My web site is devoted to medical and treatment information about this rare cancer. My blog is devoted to sharing what has been the more difficult part of the journey for me, the emotional and spiritual road I've traveled as a rare cancer survivor.

Thursday, January 15, 2009

AACR Frontiers in Cancer Prevention Research Post #3 Obesity

OBESITY

Obesity is epidemic in our country. Over 60% of the US population is overweight, 30% are obese. John Hopkins School of Public Health in a press release estimates that by the year 2015, 75% of adults will be overweight; 41% will be obese.

It has been found that obesity increases the risk of cancer death and that higher grade tumors (more aggressive tumors) are more common in those who are obese. Obesity has been especially associated with colon, breast and prostate cancers. Ovarian cancer studies have shown that ovarian cancer recurs sooner and that life expectancy is shorter in women who are obese. Weight gain following a breast cancer diagnosis greatly decreases a woman's chances of surviving the disease.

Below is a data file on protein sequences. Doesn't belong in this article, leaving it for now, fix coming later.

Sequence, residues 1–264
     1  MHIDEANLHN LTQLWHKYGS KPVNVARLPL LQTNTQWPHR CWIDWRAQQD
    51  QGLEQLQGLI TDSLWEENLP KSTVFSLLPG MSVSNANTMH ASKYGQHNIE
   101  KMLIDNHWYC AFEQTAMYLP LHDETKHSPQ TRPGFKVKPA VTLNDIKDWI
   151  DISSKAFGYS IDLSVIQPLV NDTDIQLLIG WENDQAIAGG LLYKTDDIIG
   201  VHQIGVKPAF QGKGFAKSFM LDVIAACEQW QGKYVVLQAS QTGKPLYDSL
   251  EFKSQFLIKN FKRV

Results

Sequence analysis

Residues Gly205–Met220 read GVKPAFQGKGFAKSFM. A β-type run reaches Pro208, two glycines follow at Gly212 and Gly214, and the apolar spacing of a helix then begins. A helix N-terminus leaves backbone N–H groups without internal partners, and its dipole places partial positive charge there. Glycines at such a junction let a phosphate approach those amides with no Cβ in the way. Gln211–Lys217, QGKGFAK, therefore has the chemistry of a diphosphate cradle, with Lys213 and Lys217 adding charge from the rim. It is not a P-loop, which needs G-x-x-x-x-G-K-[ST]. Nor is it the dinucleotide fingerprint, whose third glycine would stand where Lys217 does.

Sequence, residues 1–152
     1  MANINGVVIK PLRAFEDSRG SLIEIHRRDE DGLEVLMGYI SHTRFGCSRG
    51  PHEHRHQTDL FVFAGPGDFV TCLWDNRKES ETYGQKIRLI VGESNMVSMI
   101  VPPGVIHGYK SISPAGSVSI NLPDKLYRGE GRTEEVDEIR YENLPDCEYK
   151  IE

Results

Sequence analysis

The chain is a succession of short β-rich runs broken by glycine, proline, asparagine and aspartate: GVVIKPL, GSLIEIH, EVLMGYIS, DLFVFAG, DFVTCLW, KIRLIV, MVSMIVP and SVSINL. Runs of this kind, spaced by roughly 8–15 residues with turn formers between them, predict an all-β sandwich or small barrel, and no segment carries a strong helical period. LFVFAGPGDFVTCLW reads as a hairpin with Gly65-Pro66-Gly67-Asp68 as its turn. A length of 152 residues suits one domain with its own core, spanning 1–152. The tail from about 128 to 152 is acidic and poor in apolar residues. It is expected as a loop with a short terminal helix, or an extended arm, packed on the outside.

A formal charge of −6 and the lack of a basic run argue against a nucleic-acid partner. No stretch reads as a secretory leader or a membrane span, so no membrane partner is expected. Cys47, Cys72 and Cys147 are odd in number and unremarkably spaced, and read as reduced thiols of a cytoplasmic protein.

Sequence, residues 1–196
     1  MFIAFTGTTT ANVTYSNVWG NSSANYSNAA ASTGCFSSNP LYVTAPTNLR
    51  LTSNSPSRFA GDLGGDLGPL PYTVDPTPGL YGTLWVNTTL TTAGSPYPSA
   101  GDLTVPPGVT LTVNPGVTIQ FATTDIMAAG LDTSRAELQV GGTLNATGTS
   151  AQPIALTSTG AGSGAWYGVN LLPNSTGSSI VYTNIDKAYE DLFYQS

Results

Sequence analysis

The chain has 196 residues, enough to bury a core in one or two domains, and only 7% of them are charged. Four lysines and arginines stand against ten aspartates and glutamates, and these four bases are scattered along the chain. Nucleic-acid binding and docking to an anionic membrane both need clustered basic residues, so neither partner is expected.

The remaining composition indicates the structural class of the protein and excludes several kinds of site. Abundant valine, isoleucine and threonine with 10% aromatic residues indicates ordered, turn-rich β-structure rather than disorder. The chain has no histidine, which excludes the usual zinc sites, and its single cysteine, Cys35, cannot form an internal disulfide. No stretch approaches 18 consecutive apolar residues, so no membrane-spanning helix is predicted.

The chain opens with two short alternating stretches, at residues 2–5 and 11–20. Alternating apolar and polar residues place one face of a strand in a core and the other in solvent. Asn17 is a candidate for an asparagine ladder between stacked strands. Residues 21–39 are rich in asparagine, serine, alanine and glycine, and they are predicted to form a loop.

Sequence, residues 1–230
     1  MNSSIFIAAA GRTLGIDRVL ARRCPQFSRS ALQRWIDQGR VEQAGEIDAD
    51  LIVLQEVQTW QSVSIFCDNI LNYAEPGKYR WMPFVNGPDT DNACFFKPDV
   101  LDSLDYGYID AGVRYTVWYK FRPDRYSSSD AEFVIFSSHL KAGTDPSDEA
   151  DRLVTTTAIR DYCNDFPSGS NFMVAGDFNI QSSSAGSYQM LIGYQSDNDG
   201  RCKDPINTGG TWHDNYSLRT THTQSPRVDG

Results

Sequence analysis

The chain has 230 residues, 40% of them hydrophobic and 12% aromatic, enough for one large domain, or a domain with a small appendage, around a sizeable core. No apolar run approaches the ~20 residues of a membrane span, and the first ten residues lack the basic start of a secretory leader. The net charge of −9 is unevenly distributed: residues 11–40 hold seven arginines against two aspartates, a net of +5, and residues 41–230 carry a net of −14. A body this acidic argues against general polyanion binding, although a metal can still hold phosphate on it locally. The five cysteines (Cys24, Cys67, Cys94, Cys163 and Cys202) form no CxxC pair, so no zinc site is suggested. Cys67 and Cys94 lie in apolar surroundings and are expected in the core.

Obesity is associated with insulin resistance. When our bodies become insulin resistant, we produce more insulin in an attempt to compensate. Higher levels of insulin and a substance called insulin-like growth factor are found in those who are obese. Insulin-like growth factor causes cells to reproduce and prevents cells from dying, which can contribute to cancerous growth. Vitamin D is also sequestered in fat cells. It is also thought that fat cells produce hormones or compounds that make cancer grow more aggressively.

Overall, research shows that increased weight is associated with increase cancer recurrence and decreased cancer survival...recurrence rates are doubled and there is a 60% increase in cancer death rate associated with obesity. The drug Tamoxifen, used to treat breast cancer, is less effective in those who are overweight.

A higher body mass index is associated with a higher cancer risk.
A healthy BMI is 18.5 to 24.9. A BMI of 25 or higher is considered overweight. A BMI of 30 is considered obese. You can calculate your BMI at this NIH link: Calculate your Body Mass Index

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